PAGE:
Today, State Secretary for Economic Affairs and Climate Policy Mona Keijzer received the first Dutch F-35 aircraft on behalf of the Dutch government in Fort Worth in the US. The Dutch Air Force already received two test versions in 2012 and has ordered a total of 37 aircraft.
The production and maintenance of the F-35 has already yielded €1.4 billion in contracts and turnover to Dutch businesses and knowledge institutions.
In the coming years, the production turnover to be achieved is estimated to reach an additional 9 billion euros. The F-35 is also expected to provide an additional 15 to 20 billion euros in maintenance contracts and more than 1,600 permanent jobs in the Netherlands in the future.
This year, the European logistics centre OneLogistics will also open in Woensdrecht, involving over seventy Dutch companies.
According to State Secretary Keijzer, “The transfer offered by producer Lockheed Martin is a milestone for the Ministry of Defence. At the same time, it marks a billion-euro boost to our economy and employment. Dutch businesses and knowledge institutions, from SMEs to large enterprises, manufacture high-tech components and systems for the F-35 or will later take care of maintenance. This is an excellent example of how international cooperation contributes to our own economy.”
New contracts signed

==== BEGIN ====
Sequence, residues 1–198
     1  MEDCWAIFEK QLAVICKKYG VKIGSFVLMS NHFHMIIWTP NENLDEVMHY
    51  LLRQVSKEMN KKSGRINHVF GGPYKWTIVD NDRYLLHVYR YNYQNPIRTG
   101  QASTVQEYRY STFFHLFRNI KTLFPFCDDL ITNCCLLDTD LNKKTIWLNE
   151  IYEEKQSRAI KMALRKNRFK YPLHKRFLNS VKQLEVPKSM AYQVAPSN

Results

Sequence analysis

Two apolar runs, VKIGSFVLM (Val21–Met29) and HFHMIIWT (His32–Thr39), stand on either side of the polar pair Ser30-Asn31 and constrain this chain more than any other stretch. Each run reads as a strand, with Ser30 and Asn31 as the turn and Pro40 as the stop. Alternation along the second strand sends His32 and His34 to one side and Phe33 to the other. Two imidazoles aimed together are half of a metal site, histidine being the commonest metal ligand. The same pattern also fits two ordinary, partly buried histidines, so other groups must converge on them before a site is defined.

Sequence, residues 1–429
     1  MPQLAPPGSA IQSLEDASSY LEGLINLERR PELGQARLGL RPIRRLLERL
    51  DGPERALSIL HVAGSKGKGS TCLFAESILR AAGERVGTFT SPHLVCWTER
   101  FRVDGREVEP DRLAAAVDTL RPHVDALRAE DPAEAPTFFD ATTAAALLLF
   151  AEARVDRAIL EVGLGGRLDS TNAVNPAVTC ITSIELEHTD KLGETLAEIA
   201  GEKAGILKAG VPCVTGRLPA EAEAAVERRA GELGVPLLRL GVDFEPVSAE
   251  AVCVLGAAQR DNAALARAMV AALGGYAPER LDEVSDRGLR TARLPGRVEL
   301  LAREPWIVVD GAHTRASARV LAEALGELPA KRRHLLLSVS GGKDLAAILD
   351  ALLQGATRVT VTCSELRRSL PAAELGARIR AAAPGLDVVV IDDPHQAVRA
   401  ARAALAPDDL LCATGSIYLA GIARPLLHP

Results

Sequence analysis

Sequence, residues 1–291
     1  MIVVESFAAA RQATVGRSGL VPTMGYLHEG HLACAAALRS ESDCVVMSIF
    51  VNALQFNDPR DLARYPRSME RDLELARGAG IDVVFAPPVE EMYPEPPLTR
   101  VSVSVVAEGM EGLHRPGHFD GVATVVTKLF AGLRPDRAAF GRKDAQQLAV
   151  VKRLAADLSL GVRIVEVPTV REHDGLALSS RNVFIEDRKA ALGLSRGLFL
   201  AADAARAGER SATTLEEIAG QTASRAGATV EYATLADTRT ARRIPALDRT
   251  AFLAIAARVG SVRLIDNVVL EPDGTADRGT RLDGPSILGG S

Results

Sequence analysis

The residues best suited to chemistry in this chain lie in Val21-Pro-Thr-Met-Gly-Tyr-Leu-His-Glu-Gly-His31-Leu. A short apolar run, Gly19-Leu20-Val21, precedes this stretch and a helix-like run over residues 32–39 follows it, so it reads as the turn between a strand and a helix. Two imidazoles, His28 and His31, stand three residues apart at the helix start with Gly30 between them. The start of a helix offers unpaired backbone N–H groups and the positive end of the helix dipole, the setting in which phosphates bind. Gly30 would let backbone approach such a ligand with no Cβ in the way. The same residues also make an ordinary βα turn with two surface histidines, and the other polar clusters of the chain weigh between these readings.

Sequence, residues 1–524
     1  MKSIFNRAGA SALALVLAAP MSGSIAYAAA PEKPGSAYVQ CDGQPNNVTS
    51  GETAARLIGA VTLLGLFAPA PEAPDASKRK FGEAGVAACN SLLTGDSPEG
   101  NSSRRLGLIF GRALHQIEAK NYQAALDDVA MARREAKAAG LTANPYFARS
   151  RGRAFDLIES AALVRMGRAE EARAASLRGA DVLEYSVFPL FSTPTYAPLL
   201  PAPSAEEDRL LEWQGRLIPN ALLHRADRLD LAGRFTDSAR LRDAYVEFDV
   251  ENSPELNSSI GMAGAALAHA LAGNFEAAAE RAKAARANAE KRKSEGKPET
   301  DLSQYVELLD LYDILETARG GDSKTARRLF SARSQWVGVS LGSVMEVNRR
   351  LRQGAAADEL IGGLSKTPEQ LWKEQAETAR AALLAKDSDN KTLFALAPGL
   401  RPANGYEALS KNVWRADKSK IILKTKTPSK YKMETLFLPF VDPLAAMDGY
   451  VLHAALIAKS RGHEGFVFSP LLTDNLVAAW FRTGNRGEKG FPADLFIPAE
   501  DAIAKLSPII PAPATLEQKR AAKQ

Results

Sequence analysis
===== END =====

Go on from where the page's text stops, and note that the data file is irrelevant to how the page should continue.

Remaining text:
After the official ceremony, the added economic value of the F-35s became immediately evident to the Netherlands. In the presence of the State Secretary, two US companies – producer Lockheed Martin and aircraft engine builder Pratt & Whitney – signed contracts worth millions of euros with GKN Fokker. The Dutch company will produce electrical cabling for the F-35s and supply composites for cladding the so-called ‘turbofan’, the aircraft's jet engine.
(EDITOR’S NOTE: According to the statement, the Dutch government expects that Dutch companies, which have already won €1.4 billion in F-35 production contracts, to win 9 billion more, for a total of €10.4 billion – assuming, of course, that they remain competitive and can retain the contracts, which are normally re-competed every 5 years.
If the estimate of an additional €15 - 20 billion in maintenance contracts is right, the F-35 program would generate up to €25 - €30 billion in revenue for Dutch industry, which is four to five times as much as the Netherlands will pay to buy their planned 37 F-35s (€4.7 billion at 2014 prices).
However, the maintenance workload would be generated whatever aircraft the Dutch buy, so the real industrial return on the F-35 program is the hypothetical €10.4 billion production work.)